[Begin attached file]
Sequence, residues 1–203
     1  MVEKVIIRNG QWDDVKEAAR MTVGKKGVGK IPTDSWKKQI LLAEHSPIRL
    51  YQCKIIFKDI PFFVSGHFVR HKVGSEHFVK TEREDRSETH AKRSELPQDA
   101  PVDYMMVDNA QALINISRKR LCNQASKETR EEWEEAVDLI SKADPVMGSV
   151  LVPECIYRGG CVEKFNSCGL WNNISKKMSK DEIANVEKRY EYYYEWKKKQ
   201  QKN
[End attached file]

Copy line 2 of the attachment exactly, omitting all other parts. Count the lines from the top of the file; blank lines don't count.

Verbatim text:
     1  MVEKVIIRNG QWDDVKEAAR MTVGKKGVGK IPTDSWKKQI LLAEHSPIRL